Although the neural network 110 may be implemented using analog hardware, it is preferrably implemented by an algorithm stored in the ROM of a microprocessor, such as was discussed in connection with FIG. 6, and which will be discussed more thoroughly in connection with FIG. 12. The use of a microprocessor with on-board ROM should not be limiting as either analog hardware or a microprocessor, microcontroller, digital signal processor, or a hybrid of analog and digital etc., may be used to implement all or part of the present embodiment.
Further, in the present preferred embodiment, the microprocessor which implements the neural network 110 may additionally contain the optimal control code (as will be discussed in connection with FIGS. 13A, 13B and 13E). In which case, an A/D converter for receiving sensor inputs may be included in the circuitry leading into the microprocessor used to implement the neural network 110.
In considering the structural dynamics of the circuit of FIG. 10, consider the state space representation of the structure as:
where X is a vector of the variables representing structural dynamics (e.g., modal characteristics) and V is the excitation input. Matrices A and B contain structural parameters, e.g., natural frequencies and damping ratios. Y is a vector of structure output, representing measurements at performance points, C is a matrix relating measurements and state variables. It should be noted that due to time varying characteristics of structures considered herein, the matrices A and B are assumed to be time varying.
The neural network will be given vectors V and Y, where V is the outputs of the sensors located near the excitation sources (i.e. 144 and 149 in FIG. 7) and Y is the sensor outputs from the performance sensors (124 of FIG. 7). Additionally, A(t) and B(t) must be identified in real time. Thus, the neural network 110 (FIGS. 7-10) would automatically learn system dynamics using inputs from the sensors. As such, the present embodiment of the invention may be implemented on any vibration or acoustic system, because, given sensory input, the neural network is able to "learn" the dynamics of the system, i.e. find the A and B matrices, and allow the system to automatically be tuned for the optimal active control of vibration or noise cancellation. FIG. 11 shows a block diagram implementation of this invention's neural network 110, where A and B are estimates of the A and B matrices that the network is "learning".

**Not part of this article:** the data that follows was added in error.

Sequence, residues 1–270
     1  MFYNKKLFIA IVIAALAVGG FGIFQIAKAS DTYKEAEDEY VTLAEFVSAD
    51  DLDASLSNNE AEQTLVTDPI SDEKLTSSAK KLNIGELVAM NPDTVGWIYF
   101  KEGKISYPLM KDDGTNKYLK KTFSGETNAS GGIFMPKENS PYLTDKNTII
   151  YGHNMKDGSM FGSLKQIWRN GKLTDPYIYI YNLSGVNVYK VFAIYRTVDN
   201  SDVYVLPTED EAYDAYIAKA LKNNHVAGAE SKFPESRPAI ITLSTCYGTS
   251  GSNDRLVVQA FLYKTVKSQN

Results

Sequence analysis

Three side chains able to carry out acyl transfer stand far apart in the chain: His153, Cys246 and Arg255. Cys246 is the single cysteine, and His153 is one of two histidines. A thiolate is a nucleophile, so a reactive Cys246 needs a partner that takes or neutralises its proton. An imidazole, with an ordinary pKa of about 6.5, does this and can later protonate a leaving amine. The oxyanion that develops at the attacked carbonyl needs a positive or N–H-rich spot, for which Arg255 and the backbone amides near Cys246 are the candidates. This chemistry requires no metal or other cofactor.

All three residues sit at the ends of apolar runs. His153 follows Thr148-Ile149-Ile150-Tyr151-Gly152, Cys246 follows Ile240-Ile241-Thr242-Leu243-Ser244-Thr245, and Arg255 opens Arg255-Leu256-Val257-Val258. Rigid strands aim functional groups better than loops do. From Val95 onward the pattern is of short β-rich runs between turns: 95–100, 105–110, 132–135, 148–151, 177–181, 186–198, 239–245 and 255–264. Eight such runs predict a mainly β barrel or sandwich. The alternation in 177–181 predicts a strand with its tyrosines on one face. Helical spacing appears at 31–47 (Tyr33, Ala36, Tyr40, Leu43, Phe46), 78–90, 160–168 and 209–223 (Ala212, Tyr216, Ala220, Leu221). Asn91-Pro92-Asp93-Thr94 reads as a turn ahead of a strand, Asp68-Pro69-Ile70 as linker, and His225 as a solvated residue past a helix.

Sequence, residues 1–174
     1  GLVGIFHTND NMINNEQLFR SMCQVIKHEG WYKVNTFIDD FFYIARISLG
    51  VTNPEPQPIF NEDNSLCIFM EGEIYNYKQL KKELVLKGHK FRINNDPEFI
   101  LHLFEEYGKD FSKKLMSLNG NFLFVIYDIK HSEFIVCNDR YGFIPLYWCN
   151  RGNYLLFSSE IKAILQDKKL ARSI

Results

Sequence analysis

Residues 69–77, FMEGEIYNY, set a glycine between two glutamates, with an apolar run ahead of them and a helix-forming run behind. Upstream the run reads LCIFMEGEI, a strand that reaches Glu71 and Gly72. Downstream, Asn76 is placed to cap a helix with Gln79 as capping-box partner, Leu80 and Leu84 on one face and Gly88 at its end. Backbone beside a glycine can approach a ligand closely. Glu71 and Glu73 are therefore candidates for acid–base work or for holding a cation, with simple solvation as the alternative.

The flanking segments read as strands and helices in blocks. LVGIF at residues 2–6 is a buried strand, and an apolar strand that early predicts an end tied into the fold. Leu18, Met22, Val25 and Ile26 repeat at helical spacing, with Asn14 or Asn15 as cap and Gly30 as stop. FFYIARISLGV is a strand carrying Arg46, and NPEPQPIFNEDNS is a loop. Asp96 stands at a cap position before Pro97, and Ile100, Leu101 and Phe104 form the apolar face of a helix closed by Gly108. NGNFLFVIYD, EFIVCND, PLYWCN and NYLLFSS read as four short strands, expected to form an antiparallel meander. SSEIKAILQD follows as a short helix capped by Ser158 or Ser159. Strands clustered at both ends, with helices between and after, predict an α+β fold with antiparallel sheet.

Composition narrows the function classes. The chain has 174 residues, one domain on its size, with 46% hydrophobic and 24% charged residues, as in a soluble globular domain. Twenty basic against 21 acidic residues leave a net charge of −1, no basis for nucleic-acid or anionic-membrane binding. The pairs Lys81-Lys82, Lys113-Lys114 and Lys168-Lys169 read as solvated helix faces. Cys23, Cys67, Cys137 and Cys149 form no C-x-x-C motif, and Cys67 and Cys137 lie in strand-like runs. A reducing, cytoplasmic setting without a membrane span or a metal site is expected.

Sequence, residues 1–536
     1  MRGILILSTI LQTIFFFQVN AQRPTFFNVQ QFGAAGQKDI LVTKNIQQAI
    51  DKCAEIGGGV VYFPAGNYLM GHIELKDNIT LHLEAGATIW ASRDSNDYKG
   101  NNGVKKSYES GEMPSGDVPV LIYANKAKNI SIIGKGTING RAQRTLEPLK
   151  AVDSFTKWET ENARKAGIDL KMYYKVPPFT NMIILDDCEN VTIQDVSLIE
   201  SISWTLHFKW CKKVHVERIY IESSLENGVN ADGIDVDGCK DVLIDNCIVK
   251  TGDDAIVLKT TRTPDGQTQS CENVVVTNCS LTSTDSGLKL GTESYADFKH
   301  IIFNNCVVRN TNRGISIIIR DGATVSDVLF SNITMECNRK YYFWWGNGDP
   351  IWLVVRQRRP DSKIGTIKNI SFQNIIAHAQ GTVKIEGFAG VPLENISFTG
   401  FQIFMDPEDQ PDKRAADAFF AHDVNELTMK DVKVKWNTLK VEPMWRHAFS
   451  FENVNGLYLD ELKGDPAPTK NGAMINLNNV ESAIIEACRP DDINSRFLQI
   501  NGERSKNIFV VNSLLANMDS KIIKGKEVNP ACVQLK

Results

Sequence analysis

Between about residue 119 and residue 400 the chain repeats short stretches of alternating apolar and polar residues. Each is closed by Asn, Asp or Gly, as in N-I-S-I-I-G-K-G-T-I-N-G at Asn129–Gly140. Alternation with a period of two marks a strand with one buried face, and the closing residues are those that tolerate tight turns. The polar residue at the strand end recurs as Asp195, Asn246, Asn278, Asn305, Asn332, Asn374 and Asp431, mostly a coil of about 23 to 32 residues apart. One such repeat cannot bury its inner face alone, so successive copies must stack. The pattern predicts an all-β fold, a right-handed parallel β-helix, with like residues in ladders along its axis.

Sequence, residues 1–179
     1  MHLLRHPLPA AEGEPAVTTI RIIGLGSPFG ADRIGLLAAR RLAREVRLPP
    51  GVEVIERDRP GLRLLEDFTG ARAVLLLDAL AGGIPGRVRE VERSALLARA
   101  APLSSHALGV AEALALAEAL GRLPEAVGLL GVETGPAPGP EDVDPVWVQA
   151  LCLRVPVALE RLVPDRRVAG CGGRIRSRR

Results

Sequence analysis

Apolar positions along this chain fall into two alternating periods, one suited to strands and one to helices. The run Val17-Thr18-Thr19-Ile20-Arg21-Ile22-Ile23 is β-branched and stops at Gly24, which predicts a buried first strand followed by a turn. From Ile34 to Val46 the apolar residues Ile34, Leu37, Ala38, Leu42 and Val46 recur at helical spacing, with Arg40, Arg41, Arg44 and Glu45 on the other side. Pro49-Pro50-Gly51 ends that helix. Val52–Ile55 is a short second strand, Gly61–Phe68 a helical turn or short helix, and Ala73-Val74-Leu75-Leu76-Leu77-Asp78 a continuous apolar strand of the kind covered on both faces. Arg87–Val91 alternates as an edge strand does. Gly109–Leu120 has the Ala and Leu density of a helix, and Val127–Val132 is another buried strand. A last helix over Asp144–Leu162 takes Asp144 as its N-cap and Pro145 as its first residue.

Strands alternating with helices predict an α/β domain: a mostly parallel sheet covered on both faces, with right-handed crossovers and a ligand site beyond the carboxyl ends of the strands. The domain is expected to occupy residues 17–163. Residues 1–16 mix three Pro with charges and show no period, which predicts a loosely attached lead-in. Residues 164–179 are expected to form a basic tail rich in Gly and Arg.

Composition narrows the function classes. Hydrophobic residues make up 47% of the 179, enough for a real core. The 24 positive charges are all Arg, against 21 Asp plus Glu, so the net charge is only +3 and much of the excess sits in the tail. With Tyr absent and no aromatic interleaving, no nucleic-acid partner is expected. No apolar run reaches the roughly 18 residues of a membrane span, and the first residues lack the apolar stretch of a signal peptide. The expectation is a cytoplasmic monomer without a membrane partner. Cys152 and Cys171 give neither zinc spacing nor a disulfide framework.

As stated above, the A matrix is a state matrix, while the B matrix is the input matrix. For every element in the A and B matrices, there will exist one neuron. For example, if the structure has three modes and two control actuators are used, then A will be represented by a 6×6 matrix and B will be represented by a 6×2 matrix. Thus, the artificial neural-network implemented will have a total of 48 neurons, 36 neurons for elements of the A matrix and 12 neurons for elements of the B matrix. The connection weights (Wij) and bias terms Ii are derived on-line from the following equations. ##EQU3##
φT =C[Ω1, Ω2, - - - , Ωn, Π1 Π2 - - - , Πm ] (4.5)
Ωi =(A-KC)Ωi +yi I (5)
Πi =(A-KC)Πi +Vi I (6)
X=φT θ+exp(At)X(0) (7)
wherein, A=A-KC, A.tbd.Estimate of A; and B.tbd.estimate of B.
θT =[a11, a12, - - - , ann, b11, b12, - - - , bnm ] (8) ##EQU4## again, wherein, Wji represents the connection weight (strength) between neurons i and j, uj is the activation level of neuron j, υj is the output from neuron j, g() is a nonlinear, sigmoid, function of the neuron relating U and V. Further, m is the number of control actuators, n is the total number of state variables and Ii is a bias term for a neuron. Additionally, in the above equations, A is the state matrix, B is the input matrix and C is the output matrix. Additionally, η is the learning gain (0<η>1), μ is the filter time constant, and, I is the identity matrix and ζ, Ω, Π are intermediate variables. Parameter μ is chosen based on how fast the system dynamics are, because it represents how fast the previous data or measurements should be forgotten and not to be included in the calculation of the new estimates for A, B and X. FIG. 14 is a flow chart describing the operation of the neural network.
Referring back to FIG. 7, in the case having the neural network implemented in software stored in the ROM of a microprocessor, as shown in FIG. 13A, the microprocessor would receive sensory data and the control output of the previous time-step and would perform the following:
(1) activate the neural network to use input/output data and learn the system dynamics. The results of this step are the calculation of the A and B matrices, and state vector X, as per FIGS. 11 and 14;
(2) use the A, B, and C matrices to calculate the optimal control signals; and
(3) send the resulting control signals to the actuator(s) 114 by means of a digital to analog convertor 112.